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Pharmacology - Life Sciences - 17.01.2018
Bile acids fire up fat-burning
Bile acids fire up fat-burning
EPFL scientists have discovered a novel role for bile acids: converting energy-storing white fat depots into energy-expending beige fat. The study is published. Obesity arises from an imbalance between energy intake and energy expenditure. As a result, current treatments try to decrease calorie intake and/or increase energy expenditure.

Materials Science - Architecture - 15.01.2018

Physics - Chemistry - 15.01.2018
The first precise measurement of a single molecule's effective charge
The first precise measurement of a single molecule’s effective charge
For the first time, scientists have precisely measured the effective electrical charge of a single molecule in solution. This fundamental insight of an SNSF Professor could also pave the way for future medical diagnostics. Electrical charge is one of the key properties that allows molecules to interact.

Electroengineering - Innovation - 15.01.2018
Smart buildings that can manage our electricity needs
Smart buildings that can manage our electricity needs
Researchers at EPFL have developed a system that can be installed in a building to collect data on people's energy usage. The aim is then to send this data directly to a smart electric grid that will allocate resources optimally. A smart grid that decides how best to distribute energy based on availability, cost and customers' needs - that's the energy concept being developed by researchers in the School of Engineering's Electronics Laboratory.

Health - Life Sciences - 12.01.2018

Physics - Materials Science - 11.01.2018
Extremely bright and fast light emission
Extremely bright and fast light emission
A type of quantum dot that has been intensively studied in recent years can reproduce light in every colour and is very bright. An international research team including scientists from Empa has now discovered why this is the case. The quantum dots could someday be used in LEDs. An international team of researchers from ETH Zurich , IBM Research Zurich, Empa and four American research institutions have found the explanation for why a class of nanocrystals that has been intensively studied in recent years shines in such incredibly bright colours.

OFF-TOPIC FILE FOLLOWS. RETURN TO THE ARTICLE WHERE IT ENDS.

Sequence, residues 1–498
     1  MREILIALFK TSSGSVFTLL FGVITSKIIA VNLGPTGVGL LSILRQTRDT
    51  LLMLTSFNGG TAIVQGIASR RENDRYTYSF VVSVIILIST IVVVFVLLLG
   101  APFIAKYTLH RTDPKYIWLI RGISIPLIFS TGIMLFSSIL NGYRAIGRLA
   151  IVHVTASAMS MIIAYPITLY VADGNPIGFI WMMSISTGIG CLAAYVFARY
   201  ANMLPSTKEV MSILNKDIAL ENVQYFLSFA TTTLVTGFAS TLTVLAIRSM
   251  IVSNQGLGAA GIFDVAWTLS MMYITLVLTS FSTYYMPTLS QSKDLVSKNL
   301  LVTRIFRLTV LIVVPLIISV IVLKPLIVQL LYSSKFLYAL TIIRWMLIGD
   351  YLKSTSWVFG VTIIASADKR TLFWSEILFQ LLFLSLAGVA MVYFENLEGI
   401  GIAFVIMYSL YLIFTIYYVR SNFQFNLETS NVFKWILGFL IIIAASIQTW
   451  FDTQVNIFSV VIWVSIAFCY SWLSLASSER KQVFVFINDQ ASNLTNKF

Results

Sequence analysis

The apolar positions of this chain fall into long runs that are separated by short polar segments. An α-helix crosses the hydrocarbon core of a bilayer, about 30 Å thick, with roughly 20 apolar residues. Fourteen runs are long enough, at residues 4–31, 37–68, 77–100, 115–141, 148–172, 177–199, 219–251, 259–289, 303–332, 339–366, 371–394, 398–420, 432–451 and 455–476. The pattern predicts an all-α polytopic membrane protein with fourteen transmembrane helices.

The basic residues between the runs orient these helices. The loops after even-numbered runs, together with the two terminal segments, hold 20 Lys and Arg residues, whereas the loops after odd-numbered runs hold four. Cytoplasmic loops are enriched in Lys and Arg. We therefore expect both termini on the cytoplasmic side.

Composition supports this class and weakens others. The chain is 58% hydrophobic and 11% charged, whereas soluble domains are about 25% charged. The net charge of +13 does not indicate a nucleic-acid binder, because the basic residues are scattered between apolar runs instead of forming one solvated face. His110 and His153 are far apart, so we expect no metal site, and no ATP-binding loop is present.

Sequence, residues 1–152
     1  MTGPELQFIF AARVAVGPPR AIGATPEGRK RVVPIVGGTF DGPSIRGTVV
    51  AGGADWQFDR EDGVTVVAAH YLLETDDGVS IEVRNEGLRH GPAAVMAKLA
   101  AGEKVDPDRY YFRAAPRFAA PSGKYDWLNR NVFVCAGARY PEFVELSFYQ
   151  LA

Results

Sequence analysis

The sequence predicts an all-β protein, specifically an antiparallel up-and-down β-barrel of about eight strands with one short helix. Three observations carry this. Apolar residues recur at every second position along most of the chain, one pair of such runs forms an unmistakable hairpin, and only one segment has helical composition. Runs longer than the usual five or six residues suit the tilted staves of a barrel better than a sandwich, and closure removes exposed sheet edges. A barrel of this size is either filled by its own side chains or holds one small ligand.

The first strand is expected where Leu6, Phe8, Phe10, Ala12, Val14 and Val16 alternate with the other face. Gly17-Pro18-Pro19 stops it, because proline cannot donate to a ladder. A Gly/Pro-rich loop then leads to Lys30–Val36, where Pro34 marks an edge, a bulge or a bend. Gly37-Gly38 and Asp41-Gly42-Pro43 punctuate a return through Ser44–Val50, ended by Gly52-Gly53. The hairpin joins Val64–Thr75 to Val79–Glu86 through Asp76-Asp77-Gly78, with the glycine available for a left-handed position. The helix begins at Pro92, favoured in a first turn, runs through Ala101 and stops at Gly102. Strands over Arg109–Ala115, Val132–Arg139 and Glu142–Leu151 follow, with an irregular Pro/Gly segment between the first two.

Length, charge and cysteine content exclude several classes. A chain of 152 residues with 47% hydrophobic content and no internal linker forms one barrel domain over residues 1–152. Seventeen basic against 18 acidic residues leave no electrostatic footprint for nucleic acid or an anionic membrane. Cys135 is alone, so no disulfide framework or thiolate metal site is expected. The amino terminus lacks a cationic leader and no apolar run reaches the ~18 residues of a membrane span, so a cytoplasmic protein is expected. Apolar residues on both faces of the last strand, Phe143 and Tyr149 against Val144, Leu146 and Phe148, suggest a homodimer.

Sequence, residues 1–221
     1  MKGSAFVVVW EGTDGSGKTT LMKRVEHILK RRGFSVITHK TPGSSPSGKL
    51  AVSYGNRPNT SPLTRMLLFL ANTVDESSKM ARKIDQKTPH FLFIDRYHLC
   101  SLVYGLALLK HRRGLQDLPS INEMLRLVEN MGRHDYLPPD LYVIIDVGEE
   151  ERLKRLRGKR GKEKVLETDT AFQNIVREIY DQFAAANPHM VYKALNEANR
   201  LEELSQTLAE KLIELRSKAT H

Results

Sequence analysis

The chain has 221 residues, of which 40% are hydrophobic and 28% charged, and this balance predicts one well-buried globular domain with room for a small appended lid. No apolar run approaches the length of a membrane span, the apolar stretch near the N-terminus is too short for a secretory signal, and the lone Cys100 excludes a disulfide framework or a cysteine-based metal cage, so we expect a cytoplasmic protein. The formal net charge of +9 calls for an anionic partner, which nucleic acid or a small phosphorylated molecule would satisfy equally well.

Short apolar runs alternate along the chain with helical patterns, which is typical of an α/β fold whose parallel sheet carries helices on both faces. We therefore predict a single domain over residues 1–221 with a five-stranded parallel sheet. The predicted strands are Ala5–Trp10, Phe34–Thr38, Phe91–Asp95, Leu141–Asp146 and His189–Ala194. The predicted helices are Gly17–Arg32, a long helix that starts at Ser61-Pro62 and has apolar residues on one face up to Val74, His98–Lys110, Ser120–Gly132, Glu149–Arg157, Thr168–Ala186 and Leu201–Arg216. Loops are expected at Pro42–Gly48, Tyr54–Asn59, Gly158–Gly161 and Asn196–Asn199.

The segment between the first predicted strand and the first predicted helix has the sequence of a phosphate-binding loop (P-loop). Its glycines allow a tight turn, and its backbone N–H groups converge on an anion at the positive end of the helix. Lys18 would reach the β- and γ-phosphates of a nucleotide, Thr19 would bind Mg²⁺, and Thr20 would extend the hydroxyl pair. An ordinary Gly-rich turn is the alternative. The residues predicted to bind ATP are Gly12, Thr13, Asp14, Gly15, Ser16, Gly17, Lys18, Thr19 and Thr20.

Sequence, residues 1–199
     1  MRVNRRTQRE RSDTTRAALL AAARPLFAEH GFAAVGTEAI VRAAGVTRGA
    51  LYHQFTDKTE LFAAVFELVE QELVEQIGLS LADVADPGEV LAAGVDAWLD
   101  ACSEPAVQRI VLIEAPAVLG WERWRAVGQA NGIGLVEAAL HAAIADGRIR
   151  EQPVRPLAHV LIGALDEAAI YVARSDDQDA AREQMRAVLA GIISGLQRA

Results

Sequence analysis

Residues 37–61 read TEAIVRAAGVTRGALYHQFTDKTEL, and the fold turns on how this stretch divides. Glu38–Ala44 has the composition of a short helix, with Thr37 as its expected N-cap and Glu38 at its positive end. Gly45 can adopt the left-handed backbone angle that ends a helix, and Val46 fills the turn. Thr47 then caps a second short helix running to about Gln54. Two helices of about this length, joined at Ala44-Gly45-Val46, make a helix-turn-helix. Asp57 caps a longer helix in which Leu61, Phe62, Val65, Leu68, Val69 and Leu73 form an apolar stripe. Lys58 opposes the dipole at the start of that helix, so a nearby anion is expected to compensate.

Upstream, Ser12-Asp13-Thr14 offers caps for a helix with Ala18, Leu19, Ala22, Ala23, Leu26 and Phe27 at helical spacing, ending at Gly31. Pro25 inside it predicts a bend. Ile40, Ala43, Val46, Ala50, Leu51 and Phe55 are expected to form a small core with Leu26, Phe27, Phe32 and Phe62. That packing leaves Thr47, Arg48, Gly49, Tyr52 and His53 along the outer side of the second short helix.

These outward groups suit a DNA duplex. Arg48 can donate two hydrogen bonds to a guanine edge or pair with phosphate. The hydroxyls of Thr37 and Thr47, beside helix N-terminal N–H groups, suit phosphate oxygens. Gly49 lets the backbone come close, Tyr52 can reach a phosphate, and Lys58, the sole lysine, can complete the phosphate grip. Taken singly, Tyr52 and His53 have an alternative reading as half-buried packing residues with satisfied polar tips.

History / Archeology - 11.01.2018
Bernese archaeologist discovers the earliest tomb of a Scythian prince
Bernese archaeologist discovers the earliest tomb of a Scythian prince
Deep in a swamp in the Russian republic of Tuva, SNSF-funded archaeologist Gino Caspari has discovered an undisturbed Scythian burial mound. All the evidence suggests that this is not only the largest Scythian princely tomb in South Siberia, but also the earliest - and that it may be harbouring some outstandingly well-preserved treasures.

Health - Life Sciences - 09.01.2018
Cluster of Resistant Tuberculosis Pathogen Discovered
Cluster of Resistant Tuberculosis Pathogen Discovered
Resistant tuberculosis pathogens are a regular part of the day-to-day business at the Swiss National Center for Mycobacteria (NZM) at the University of Zurich. And yet, the Mycobacterium tuberculosis found in a Somali asylum seeker in the refugee center in Chiasso in February 2016 was extraordinary: "These bacteria exhibited a new combination of resistance mutations against four different antibiotics that had never before been described," says Peter Keller, Head of Diagnostics at NZM, who identified the germ.

Health - Pharmacology - 09.01.2018
New Biomarkers Predict Outcome of Cancer Immunotherapy
New Biomarkers Predict Outcome of Cancer Immunotherapy
Nowadays, melanoma and lung cancer can be combatted effectively through immunotherapy, which makes targeted use of the immune system's normal function of regularly examining the body's tissue for pathogens and damages. Specific inhibitors are used to activate immune cells in a way that makes them identify cancer cells as foreign bodies and eliminate them.